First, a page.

By Dwight Hobbes
The more consumers have grown computer friendly, the more bells and whistles manufacturers have come up with to attract users. As a direct consequence, the Internet has loosened corporate America’s stranglehold on communication.
One of the more ingenious results is that radio, a vastly popular media, no longer remains the province of the moneyed elite who can buy or build an outlet and arbitrarily shut out whom they choose. Individuals with programming to provide needn’t kowtow anymore to station owners. Operators can set up shop and simply own their own stations, or, for that matter, a network.
For instance, there’s Minnesota Hott Radio (minnesotahottradio.com), part of The Hott Radio Network that maintains outlets across the country and internationally, including London and, of all places, Mumbai, India.
In Minnesota, Marvin Banks of Red Wing is general manager for the fledgling Hott Radio franchise with an initial air date of July 1. He is excited about getting things up and running from both a business and personal perspective.
“All my life, even when I was younger, I’ve loved and been interested in music — always had a heart for it — anywhere from house music to hip hop [and] R&B.”
While passion may very well be a wonderful thing, it can’t be the only qualifier for successful broadcasting, whether your station goes out over the airwaves via a transmitter tower or over the Internet via a computer. Toward that end, he states, “I went to school in Chicago at Columbia College for studio engineering.” It was in Chicago that Hott Radio Network owner Craig Wallace tapped him for the position.
“He asked me, I [agreed], and we got the business aspect out of the way.” Part and parcel of that business aspect, it happens, is to draw Black advertisers interested in hawking their wares to the station’s primarily Black audience.
“He sent me the general manager contract and I got on board with it.” As a product of the Internet, Hott Radio has a popularly associated dimension. “We’re not only a radio station; we are a social media station as well.”
Pursuant to which, at the website there’s the option for social login, a chat room, and the opportunity to interact with listeners who decided to become members of the station. “You chat with your friends while you listen to the music. It’s the Black Facebook.”
Station member Tanicia Clark extols at the website, “This has been something MN has needed for a LONG time and it is finally here. WELCOME! Minnesota Hott Radio to the TWIN CITIES.”
Banks observes, “Everybody socializes with us.” Programming is seven days a week, around the clock and not the average fare. “I love all entertainment, anywhere from stage plays to orchestra composed music, jazz, radio, neo-soul.” He points out that Minnesota Hott Radio offers a strong variety and emphasizes that gospel music lovers, as programming gets under way, will have good reason appreciate the station.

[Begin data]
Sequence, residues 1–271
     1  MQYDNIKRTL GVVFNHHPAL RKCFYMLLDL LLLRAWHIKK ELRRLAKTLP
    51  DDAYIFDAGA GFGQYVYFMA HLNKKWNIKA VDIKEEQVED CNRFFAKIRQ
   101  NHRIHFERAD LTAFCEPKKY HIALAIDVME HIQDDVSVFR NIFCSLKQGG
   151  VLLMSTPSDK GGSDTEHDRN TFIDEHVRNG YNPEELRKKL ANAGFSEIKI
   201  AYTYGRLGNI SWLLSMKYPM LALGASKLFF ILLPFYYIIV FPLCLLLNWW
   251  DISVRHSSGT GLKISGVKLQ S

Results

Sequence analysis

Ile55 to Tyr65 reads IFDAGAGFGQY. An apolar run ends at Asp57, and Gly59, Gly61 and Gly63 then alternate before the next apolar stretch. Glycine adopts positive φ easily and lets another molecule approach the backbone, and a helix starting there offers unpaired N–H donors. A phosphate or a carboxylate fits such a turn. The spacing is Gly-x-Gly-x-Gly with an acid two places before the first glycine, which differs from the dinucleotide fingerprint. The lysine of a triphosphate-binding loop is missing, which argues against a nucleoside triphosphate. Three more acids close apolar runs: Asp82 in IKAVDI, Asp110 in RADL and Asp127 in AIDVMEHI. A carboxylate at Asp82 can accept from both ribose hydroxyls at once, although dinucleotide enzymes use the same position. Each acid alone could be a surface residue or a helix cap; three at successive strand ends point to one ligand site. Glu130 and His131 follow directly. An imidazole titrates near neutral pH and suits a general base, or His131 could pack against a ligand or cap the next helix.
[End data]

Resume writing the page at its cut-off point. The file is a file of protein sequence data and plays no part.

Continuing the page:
“I love that the Lord Jesus has given me this opportunity. I’m trying to get a church to do a live broadcast every Sunday. We’ll have gospel music. Also, though, I want to have a church on board [with] a pastor preaching the Word and getting it heard. And interviews, of course.”
Go through the Twin Cities any given Sunday and you’ll find in African American neighborhoods parking lots full of cars and throngs of the faithful making their way to worship. Accordingly, how better to establish and maintain an integral presence in the media than to make your enterprise relevant to Minneapolis and St. Paul church-going folk?
Secular sounds, it goes without saying, have to be the station’s bread and butter. Banks adds that, along with national acts, local artists like Zsamé Morgan, PaviElle French and others will receive long-overdue exposure.
“Once a week I will feature nothing but Minnesota talent. They need more airplay.” Again, the Internet aspect offers an exceptional advantage — with feature artist video and featured artists where listeners can read artists’ full bios.
“If a [featured artist] has a YouTube video, it can be linked to the station,” Banks explains. “We’ll have their picture up. There will be conversations with them.” In short: a full-service promotional opportunity.
If that’s not enough, he has more on the drawing board. “Eventually, I’ll be bringing in comedy shows with people like K Jay the Comedian and some others. Also, I want to open the airwaves to spoken word.”
With the likes of luminaries such as Shá Cage, Truth Maze and more holding sway in the Twin Cities, he should find no shortage of material. Banks is even toying with the idea of devising the means to include theatrical entertainment, interviewing area professionals, and considering the once-popular vehicle of radio plays. “There’s room for every avenue and every aspect.”
Dwight Hobbes welcomes reader responses to P.O. Box 50357, Mpls., 55403.
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